The clothes you love are not the newest, the shiny dresses all in vogue.
Your favorite clothes have stood the test of time—they’re worn ragged, they are frayed. They’re no longer here. They get thrown away.

My clothes are mostly old. My shoes are cracked, the soles show through. My backpack has a slowly growing hole. It opened at the corner which bore the brunt of sharp edges—softly, patiently.

My love is wear, a loving, willful atrophy. Even though I don’t remind you every day, I’m there: a presence, a memory, a paternal ghost.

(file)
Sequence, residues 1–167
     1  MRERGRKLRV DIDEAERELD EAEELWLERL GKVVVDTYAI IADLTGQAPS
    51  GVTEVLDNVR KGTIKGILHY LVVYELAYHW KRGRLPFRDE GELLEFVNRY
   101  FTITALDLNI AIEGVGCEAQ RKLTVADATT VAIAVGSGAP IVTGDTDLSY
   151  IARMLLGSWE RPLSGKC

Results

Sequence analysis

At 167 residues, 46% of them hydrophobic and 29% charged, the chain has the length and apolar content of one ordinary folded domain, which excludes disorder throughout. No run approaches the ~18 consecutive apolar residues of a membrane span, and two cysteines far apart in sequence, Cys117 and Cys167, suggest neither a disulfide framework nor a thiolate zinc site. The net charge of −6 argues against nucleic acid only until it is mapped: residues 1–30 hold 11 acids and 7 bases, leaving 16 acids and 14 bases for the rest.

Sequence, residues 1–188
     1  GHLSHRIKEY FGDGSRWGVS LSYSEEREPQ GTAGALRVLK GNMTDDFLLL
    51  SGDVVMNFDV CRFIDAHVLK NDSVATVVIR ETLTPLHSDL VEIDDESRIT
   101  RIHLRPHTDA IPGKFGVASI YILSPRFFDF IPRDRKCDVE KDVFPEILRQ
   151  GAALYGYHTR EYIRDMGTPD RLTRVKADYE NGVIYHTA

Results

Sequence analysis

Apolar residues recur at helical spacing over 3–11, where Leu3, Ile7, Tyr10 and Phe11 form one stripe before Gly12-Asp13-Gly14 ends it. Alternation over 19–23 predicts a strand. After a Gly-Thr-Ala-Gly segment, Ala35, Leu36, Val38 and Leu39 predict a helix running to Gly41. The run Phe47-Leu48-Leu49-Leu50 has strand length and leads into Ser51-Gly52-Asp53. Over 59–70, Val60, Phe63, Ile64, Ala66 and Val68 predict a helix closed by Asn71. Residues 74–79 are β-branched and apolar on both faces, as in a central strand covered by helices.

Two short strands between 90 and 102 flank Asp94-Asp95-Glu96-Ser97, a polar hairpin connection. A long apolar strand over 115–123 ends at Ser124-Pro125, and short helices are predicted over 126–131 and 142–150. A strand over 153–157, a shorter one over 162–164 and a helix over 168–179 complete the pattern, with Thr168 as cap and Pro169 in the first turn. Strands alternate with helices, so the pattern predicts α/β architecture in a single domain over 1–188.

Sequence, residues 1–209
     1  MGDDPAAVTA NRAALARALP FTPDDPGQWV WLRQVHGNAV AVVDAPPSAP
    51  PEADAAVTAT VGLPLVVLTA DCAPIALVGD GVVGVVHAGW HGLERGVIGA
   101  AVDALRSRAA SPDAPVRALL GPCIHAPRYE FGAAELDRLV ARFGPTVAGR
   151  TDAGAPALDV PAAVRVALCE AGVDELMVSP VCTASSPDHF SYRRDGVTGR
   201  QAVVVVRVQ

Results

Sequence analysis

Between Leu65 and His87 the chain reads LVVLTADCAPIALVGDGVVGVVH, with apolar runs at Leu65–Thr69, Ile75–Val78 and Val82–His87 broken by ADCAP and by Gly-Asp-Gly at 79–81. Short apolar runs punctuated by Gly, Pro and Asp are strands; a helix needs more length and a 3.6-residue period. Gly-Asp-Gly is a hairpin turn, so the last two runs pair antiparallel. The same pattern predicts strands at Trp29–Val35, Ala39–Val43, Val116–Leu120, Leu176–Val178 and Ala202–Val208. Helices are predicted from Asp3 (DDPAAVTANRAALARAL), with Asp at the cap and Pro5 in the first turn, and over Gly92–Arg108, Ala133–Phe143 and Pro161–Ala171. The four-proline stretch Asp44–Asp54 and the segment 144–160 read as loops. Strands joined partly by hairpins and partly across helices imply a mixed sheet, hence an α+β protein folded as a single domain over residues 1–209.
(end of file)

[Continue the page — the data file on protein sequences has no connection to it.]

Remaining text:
I love you just enough to let you go. Enough to let you move away, to slowly, sweetly lose your mind, and lose your ability to walk, and when you say how nice it would be if I came to visit you before you died, I say of course I will, of course.

I care enough to gloss it over; my distance is a sign of cherishment. I will step back and watch with sorrow as time goes to work on you, frays and wears you out, and makes you soft and smooth and kind.

I will let you be, and soon you will be thrown away.

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